Azure DevTest Labs: A Self-Service Sandbox Environment - Basics

Before we start discussing about Dev Test Labs and features, let's first see what are the challenges that the Development team and the Testing team are facing.

  • Delay in getting staging environment

    Even though the developers complete the requirements, it would take lot of time for the IT department to provide the required infrastructure. This causes delays in running the test and reporting the issues and bugs, which will lead to poor delivery commitments.

  • No replicas of production environment

    Though IT department provide staging environments, sometimes, it might not be feasible to replicate the production environments. For example, the production environment would be hosted on Network Load Balancing environment with the multiple Servers. Providing the Load Balancing environment on premise within the enterprise would be too costly. This will be a challenge for the developers and testers, to test a few features in their on-premise environment that are specific to Load Balancing. Example: Sessions.

  • Licensing issues

    There might be some cases where enterprises might opt for lower level licenses. For example: small organizations might go for Visual Studio Professional Licenses, which might not support all the features. In those cases, the developers might need to have enterprise or ultimate editions of Visual Studio.

  • Costs

    It might be too expensive for the organizations to purchase licenses of the tools, where there is a requirement of performing some proof of the concepts.

All the above challenges can be addressed using the coolest feature of Azure – DevTest Labs – a self-service sandbox environment. Let’s start discussing the features of the Azure DevTest Labs.

Auto – Start & Shutdown – As you know, we can save a lot of money by shutting down the VMs when not in use. DevTest labs allows you to set policies for Auto- Start and shutdown of all the VMs associated with the DevTest Containers.

Reusability of ARM Templates – You can author ARM templates to create the environments and re-use them to re-create the environment.

Quickly create the provision of the infrastructure - You can quickly create the Infrastructure right from virtual networks. Virtual Machine, to any tool (supported by Azure or related third party) that your developer or tester is in need of.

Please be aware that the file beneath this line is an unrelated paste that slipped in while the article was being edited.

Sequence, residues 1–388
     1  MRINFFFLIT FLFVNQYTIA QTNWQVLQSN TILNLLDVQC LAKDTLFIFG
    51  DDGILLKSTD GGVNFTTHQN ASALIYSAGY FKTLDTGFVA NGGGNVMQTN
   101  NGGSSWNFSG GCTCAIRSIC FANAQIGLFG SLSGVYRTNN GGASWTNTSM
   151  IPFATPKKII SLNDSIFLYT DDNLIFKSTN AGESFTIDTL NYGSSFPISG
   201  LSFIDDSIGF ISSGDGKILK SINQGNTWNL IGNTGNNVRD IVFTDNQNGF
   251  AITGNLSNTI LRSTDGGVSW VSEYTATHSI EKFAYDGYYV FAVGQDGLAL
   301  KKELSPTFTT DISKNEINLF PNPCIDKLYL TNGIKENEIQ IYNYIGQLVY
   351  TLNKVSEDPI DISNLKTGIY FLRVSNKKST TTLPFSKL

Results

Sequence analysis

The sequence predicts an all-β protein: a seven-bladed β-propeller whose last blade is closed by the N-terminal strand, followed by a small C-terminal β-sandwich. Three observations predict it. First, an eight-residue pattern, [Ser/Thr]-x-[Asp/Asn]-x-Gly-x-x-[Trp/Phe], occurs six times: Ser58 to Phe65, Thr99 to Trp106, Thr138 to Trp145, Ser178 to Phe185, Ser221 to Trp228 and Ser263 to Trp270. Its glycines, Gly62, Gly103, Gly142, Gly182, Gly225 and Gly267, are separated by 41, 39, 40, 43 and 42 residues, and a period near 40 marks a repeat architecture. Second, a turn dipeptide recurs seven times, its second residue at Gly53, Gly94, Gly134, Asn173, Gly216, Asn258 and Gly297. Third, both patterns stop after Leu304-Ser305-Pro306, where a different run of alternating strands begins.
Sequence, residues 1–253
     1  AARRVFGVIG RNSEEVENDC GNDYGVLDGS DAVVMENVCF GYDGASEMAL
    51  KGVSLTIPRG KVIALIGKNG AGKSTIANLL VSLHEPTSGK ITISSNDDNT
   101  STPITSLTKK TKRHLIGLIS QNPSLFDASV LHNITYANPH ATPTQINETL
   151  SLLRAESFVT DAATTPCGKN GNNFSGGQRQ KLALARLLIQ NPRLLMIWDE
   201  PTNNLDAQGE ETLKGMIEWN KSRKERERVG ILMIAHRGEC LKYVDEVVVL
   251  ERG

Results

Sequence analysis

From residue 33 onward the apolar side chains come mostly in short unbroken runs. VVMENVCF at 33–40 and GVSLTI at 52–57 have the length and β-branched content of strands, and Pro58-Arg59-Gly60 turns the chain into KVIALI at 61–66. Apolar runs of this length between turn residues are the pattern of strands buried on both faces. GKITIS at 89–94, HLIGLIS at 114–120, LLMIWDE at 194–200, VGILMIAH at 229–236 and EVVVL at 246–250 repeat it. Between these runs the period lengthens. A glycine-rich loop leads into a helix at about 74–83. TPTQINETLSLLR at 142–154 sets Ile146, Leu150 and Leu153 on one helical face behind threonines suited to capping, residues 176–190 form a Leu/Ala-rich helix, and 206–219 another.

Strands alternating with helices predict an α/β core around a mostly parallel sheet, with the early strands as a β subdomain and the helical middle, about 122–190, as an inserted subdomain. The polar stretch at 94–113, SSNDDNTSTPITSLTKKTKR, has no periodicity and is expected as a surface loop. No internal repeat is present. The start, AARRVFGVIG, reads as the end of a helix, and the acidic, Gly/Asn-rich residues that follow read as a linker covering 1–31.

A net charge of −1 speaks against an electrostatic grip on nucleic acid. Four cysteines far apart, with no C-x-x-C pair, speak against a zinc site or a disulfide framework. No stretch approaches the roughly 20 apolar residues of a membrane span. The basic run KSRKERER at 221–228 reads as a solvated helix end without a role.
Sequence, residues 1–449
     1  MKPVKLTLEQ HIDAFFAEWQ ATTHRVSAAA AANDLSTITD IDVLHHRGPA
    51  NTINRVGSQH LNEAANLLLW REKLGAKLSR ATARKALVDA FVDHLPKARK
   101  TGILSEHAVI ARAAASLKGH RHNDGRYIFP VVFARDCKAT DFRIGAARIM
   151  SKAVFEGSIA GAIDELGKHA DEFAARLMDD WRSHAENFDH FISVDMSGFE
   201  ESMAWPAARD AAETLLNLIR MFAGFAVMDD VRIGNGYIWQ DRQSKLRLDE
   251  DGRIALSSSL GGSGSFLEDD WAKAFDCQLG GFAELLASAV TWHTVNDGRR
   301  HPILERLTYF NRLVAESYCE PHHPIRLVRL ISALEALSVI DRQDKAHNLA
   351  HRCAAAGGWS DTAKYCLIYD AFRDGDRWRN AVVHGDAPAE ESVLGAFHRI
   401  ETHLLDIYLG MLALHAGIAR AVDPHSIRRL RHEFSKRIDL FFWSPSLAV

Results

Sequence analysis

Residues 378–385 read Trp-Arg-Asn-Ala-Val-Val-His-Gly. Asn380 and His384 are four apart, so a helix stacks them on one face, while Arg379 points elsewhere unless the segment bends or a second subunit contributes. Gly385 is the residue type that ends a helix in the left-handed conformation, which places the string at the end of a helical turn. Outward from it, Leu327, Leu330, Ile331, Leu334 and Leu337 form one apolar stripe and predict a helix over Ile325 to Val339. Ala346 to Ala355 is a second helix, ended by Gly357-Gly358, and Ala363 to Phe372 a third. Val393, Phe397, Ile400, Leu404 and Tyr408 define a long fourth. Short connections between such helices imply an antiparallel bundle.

Create temporary VMs along with tools – You can create VMs along with the required tool (from Market Place), use it for your requirement and whenever you feel you are done with your work, generate an image (it’s like saving all the software of your VMs and storing it in a VHD for the creation of the environment, at a later stage). Save it as an image and deallocate or Shutdown the virtual machine when it is not required.

Looks cool, right? Let’s see how to create an Azure DevTest lab.

Login to your Azure subscription and click “New”, Developer Service and “DevTest Labs”, as shown below:


Provide the following details for the new DevTest lab:


Basically, we are now creating a DevTest Lab, which is a container of multiple VMs. Please note that, we can create a policy “Auto-shutdown” by tagging Auto-shutdown as “Enabled”. It means, you are enabling the auto shutdown feature for all the VMs, that you (as an admin) or anyone (your team who has access to the lab), who creates a VMs in this lab will be auto-shutdown at the time specified in the “Scheduled shutdown” field of the screenshot, shown above. Please also note that, you can specify a Timezone as well. By using this Auto-shutdown feature, you can reduce the cost of the VMs by shutting them, when not required.

Also, note the text at the top of the “Auto-shutdown” blade in the right hand (also copied below), the users can opt-out of this policy; if they don’t want to shut down automatically.

Now, click “Create” in the “Create a DevTest Lab” blade to create the Lab. Yay! We have created a new DevTest lab, as shown below:


Please note that we haven’t selected any Resource Group while creating the DevTest lab. Azure has automatically created a new Resource Group and added the new lab to that Resource Group as shown above.

Now click on the DevTestLab “DotnetDevTestLab”. You will be navigated to the “Essentials” blade, as shown below:


We don’t see any VMs created; in this lab as we haven’t created one yet. We will see how to create VMs in a lab in the upcoming articles.

Now, click on the “Resource Group” to see the content of the resource group, shown below:


Above screenshot shows the summary of the resources that are created while we created the lab. All the resources are grouped into a new resource group. Hence, when you create a DevTest lab, it created the following.

  • The actual DevTest Lab entity.

  • A Virtual Network – This will be used to connect all the VMs that we are going to create and attach to this lab in the coming articles.

  • Two Storage Accounts – These storage accounts are required to store the data. At this point, I’m not sure why a two storage account is required. I will check and update this article.

Stay tuned for few more articles on DevTest Labs. I appreciate your feedback and suggestions.